This may come as a surprise, but state lawmakers don’t have an innate understanding of the legislative process.

After all, subjects like bill drafting and budgeting don’t come easy — and they aren’t known to rile a political crowd during campaign season.

Legislative leadership hopes to remedy this problem next week through a series of interim committee meetings, which will act more like workshops.

Notably, both chambers appear to prioritize ethics and workplace conduct.

Senate President Bill Galvano will prioritize ethics training during the interim committee meetings, which this year will act more like workshops.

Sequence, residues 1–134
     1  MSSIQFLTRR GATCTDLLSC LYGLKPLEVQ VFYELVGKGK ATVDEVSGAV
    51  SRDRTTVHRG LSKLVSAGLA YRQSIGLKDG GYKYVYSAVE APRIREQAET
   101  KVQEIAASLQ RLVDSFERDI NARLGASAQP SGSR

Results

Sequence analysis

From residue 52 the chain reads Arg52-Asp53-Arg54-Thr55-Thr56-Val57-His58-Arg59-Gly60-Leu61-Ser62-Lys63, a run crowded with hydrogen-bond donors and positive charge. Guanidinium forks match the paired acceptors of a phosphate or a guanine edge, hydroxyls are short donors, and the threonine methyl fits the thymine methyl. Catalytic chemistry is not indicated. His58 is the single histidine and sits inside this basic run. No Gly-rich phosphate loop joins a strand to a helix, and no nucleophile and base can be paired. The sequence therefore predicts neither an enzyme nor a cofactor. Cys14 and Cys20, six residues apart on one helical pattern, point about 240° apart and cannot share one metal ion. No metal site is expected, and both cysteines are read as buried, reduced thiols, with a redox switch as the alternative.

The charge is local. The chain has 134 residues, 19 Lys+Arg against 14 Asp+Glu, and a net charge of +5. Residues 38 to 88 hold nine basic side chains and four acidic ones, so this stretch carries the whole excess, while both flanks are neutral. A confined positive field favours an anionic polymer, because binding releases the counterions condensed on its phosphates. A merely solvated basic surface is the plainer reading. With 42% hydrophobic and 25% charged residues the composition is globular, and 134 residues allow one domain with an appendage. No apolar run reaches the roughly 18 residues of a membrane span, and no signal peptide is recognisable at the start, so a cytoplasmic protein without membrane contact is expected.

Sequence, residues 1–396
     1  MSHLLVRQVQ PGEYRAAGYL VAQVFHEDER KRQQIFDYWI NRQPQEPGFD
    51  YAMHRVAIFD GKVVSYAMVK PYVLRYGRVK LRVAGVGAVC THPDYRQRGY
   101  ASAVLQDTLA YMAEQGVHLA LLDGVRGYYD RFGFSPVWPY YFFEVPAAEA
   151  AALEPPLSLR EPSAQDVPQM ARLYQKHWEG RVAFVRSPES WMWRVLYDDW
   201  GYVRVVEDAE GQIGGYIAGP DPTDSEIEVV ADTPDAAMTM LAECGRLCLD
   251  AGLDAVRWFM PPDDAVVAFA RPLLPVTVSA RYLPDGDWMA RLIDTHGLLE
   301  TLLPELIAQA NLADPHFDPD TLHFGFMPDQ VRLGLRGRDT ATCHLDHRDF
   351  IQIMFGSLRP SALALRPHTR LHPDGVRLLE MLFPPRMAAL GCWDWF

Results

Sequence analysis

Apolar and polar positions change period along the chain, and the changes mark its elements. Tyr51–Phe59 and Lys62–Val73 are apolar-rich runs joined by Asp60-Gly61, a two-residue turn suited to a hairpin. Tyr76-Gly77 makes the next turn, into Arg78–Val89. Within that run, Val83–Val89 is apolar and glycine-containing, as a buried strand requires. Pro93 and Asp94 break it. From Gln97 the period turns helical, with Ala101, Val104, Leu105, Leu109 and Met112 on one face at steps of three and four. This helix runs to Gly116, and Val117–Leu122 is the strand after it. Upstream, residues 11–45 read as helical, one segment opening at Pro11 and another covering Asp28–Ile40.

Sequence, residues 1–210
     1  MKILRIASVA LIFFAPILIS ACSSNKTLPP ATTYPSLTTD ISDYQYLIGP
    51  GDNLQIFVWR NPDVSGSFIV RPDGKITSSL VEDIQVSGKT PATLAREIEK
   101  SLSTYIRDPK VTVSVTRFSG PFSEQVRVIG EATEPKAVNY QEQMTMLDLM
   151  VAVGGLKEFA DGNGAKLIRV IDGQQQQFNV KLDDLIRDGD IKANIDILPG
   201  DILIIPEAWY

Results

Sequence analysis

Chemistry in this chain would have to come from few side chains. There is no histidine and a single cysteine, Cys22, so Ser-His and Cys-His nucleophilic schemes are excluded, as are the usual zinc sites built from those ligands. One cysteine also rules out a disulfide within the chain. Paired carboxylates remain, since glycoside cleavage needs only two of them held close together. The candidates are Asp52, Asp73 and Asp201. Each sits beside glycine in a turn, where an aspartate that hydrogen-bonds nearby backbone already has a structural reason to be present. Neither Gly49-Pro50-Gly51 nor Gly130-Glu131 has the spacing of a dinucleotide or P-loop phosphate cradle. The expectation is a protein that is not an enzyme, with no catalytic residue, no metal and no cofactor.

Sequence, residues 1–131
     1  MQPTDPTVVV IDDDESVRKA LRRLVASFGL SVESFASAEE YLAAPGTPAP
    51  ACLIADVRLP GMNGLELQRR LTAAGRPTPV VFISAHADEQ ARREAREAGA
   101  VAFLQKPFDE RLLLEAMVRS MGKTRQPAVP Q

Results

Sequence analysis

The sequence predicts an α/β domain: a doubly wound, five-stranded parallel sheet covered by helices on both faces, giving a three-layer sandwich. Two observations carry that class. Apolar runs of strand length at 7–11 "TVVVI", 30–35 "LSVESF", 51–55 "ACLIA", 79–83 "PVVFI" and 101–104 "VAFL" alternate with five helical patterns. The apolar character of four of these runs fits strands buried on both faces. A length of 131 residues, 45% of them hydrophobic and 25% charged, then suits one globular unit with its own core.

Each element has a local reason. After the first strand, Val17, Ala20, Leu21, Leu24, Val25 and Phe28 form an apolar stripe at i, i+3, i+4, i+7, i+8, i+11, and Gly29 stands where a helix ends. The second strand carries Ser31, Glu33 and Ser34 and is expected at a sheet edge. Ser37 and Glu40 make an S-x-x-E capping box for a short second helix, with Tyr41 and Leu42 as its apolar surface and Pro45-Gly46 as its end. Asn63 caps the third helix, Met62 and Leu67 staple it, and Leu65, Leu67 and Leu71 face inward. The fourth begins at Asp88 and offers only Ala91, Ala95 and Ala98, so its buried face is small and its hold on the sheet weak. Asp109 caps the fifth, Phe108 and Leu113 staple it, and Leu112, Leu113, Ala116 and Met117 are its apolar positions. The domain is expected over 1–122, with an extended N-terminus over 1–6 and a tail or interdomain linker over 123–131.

That makes sense, especially when the past year is put into perspective. The Senate is currently battling a harassment lawsuit filed by a Senate aide, Rachel PerrinRogers. Voters also approved new ethics requirements by passing Amendment 12, placed on the 2018 ballot by the Constitution Revision Commission.

In addition to three hours worth of ethics training next week, Senators will soon be offered training on subjects like harassment.

“New training opportunities covering workplace harassment, bystander intervention, workplace diversity and inclusion, and unconscious bias are being developed,” Senate President Bill Galvano wrote to members this week.

An

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